3DRegNet: A Deep Neural Network for 3D Point Registration

04/02/2019 ∙ by G. Dias Pais, et al. ∙ 0

We present 3DRegNet, a deep learning algorithm for the registration of 3D scans. With the recent emergence of inexpensive 3D commodity sensors, it would be beneficial to develop a learning based 3D registration algorithm. Given a set of 3D point correspondences, we build a deep neural network using deep residual layers and convolutional layers to achieve two tasks: (1) classification of the point correspondences into correct/incorrect ones, and (2) regression of the motion parameters that can align the scans into a common reference frame. 3DRegNet has several advantages over classical methods. First, since 3DRegNet works on point correspondences and not on the original scans, our approach is significantly faster than many conventional approaches. Second, we show that the algorithm can be extended for multi-view scenarios, i.e., simultaneous handling of the registration for more than two scans. In contrast to pose regression networks that employ four variables to represent rotation using quaternions, we use Lie algebra to represent the rotation using only three variables. Extensive experiments on two challenging datasets (i.e. ICL-NUIM and SUN3D) demonstrate that we outperform other methods and achieve state-of-the-art results. The code will be made available.

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1 Introduction

(a)

Inliers/outliers classification using the proposed 3DRegNet. Green correspondences indicate the inliders and red ones the outliers.

(b)

Results of the estimation of the transformation that aligns two point clouds.

Figure 3:

Given a set of 3D point correspondences from two scans with outliers, 3DRegNet simultaneously classifies the point corrrespondences into inliers and outliers (see

LABEL:sub@fig:intro_inliers), and also computes the transformation (rotation, translation) necessary for the alignment of the scans (see LABEL:sub@fig:intro_registration). Our learning-based registration algorithm is significantly faster and outperforms other standard geometric methods.

In this paper, we address the problem of the registration of 3D scans, which is one of the classical problems in geometrical computer vision. In 3D registration, we compute the 6 Degrees Of Freedom (DOF) motion parameters between two scans given noisy point correspondences containing outliers. The standard approach is to use minimal solvers that employ three point correspondences (see Orthogonal Procrustes problem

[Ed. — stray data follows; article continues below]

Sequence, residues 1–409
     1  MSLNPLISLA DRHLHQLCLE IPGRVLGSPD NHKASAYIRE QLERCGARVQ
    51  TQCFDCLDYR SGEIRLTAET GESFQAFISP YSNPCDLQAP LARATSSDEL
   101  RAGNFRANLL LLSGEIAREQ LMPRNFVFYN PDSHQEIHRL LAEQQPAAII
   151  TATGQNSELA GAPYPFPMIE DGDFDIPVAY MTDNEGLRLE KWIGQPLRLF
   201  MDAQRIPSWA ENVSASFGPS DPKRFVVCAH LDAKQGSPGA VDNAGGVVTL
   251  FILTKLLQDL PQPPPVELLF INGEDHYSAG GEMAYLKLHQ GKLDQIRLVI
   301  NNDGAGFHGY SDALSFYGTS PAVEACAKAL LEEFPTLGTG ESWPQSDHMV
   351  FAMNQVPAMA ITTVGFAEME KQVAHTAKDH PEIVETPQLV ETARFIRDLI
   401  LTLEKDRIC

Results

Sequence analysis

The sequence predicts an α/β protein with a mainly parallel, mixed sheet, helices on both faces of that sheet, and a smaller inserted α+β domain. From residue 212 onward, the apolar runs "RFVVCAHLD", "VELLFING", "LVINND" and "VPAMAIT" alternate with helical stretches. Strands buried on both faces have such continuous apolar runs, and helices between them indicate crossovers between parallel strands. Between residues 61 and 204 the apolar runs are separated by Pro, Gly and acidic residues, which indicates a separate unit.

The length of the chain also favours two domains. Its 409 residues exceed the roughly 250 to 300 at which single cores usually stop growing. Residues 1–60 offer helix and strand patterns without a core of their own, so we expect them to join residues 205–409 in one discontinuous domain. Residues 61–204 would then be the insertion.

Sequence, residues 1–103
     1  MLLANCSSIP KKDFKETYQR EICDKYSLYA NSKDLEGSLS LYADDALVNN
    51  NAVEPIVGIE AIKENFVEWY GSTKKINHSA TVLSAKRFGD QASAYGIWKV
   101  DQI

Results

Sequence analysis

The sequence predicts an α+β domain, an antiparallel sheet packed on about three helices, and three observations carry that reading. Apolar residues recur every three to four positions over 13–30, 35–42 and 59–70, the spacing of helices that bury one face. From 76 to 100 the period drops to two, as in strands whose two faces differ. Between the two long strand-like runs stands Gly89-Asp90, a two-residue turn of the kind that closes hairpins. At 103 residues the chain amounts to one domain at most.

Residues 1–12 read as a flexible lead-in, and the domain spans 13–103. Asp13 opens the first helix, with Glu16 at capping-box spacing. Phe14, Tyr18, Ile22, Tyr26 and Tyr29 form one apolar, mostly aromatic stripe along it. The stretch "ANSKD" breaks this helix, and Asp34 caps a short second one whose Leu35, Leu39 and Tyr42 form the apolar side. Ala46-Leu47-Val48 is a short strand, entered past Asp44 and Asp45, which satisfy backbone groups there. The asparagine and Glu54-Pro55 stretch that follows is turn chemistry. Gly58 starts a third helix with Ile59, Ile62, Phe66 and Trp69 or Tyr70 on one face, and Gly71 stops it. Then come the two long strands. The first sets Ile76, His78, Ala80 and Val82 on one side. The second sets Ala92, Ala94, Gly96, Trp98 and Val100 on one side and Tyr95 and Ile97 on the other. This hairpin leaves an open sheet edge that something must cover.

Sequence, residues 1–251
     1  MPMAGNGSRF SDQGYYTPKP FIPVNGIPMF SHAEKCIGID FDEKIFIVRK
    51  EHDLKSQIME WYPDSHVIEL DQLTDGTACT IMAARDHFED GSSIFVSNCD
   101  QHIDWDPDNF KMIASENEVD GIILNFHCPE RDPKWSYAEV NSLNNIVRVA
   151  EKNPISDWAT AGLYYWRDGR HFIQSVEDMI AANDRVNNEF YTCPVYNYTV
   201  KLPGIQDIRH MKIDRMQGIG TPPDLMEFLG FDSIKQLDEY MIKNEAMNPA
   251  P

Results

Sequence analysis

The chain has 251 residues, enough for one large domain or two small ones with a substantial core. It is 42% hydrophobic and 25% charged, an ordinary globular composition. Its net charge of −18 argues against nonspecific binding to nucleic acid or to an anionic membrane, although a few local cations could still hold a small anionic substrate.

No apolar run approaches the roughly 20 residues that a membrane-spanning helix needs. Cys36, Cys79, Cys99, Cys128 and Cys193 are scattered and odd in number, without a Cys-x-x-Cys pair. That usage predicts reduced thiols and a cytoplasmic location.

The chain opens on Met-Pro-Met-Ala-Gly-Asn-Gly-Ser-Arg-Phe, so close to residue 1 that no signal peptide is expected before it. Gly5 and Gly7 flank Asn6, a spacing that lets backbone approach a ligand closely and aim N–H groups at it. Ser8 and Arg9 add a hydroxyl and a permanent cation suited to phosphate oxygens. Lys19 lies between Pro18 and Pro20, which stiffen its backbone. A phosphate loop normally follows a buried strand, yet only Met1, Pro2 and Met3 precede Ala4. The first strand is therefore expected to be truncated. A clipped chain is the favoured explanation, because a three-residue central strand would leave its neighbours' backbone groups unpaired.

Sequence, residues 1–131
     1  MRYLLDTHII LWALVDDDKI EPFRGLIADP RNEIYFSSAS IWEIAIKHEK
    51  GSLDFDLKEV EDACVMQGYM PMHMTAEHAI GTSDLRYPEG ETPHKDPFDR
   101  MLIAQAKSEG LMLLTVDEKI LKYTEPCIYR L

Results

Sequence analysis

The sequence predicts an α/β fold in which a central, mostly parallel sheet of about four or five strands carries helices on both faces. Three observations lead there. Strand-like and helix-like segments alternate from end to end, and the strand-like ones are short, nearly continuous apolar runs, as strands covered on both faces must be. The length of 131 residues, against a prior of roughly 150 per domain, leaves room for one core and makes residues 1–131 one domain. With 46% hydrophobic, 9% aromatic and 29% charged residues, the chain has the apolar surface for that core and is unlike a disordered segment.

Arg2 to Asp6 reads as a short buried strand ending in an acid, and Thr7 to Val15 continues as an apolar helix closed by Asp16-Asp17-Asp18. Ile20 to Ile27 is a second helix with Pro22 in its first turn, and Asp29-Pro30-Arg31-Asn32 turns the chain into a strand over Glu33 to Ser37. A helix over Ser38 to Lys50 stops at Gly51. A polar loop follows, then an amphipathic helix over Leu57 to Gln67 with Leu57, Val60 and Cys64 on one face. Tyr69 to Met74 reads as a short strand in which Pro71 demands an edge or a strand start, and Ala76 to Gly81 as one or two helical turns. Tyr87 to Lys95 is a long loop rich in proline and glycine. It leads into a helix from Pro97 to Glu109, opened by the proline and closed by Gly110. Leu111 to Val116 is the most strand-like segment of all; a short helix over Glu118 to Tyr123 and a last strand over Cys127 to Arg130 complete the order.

[39]) in a RANSAC [14] framework, followed by refinement techniques such as ICP [4]. In this paper, we investigate if this registration problem can be solved using a deep neural network (see Fig. 3). One may wonder: what is the point in developing a new algorithm for a well solved classical problem? Consider the impact of the classical 3D registration algorithms in a wide variety of vision, robotics, and medical applications. We would like to investigate if the deep learning machinery can provide any complementary advantages over classical 3-point solvers and ICP variants. In particular, we want to study if we can obtain a significant speedup without compromising on the accuracy of the registration in the presence of outliers. The hard part is not in the computation of the pose given point correspondences. The real challenge is about how we handle the outliers efficiently.

Consider Fig. 3LABEL:sub@fig:intro_inliers. We show the classification of noisy point correspondences into inliers and outliers using 3DRegNet for the alignment of two 3D scans (see Fig. 3LABEL:sub@fig:intro_registration). As shown in Fig. 4, our network architecture consists of two subnetworks: classification and registration. The former network takes a set of noisy point correspondences between two scans and produce weight parameters that indicate whether a given point correspondence is an inlier or an outlier. The registration network on the other hand, directly produces the 6 DOF motion parameters for the alignment of two 3D scans. Our main contributions are summarized below:

  1. We show a novel deep neural network architecture for solving the problem of 3D scan registration;

  2. We achieve significant speedup compared to traditional methods that employ RANSAC and other global methods;

  3. We show that the minimal number of three parameters for the rotation parameterization achieves the best results;

  4. We show that it is possible to handle multi-view relations, i.e., simultaneous computation of pose parameters for multiple point-clouds; and

  5. We outperform other registration algorithms such as fast global registration [51] on synthetic Augmented ICL-NUIM [7] and the SUN3D [50] datasets.

2 Related Work

The Iterative Closest Point (ICP) is the gold standard to solve the registration of point-clouds [4, 35] with good initialization, and there are several methods over the years that achieve efficiency and robustness [40, 31, 32, 46, 16, 25, 34]. There has been a few non-rigid 3D registration approaches [52, 3, 41, 26], and a survey on rigid and non-rigid registration of 3D point-clouds is presented in [43]. Optimal least squares solution can be solved using methods such as [44, 40, 31, 29, 20, 45, 51]. Many of these methods either need good initialization, or first identifies the correspondences using a RANSAC framework, and then compute the optimal pose using the selected inliers. On the contrary, we focus on jointly solving the inlier correspondences and the estimation of the transformation parameters using a single network without any requirement on the initialization.

In the last few years, we have witnessed the development of deep learning algorithms for solving geometrical problems. In particular, extending beyond CNNs and regular grid-graph images, is not straightforward. For example, PointNet is a deep neural network that produces classification and segmentation results for unordered point-clouds [37]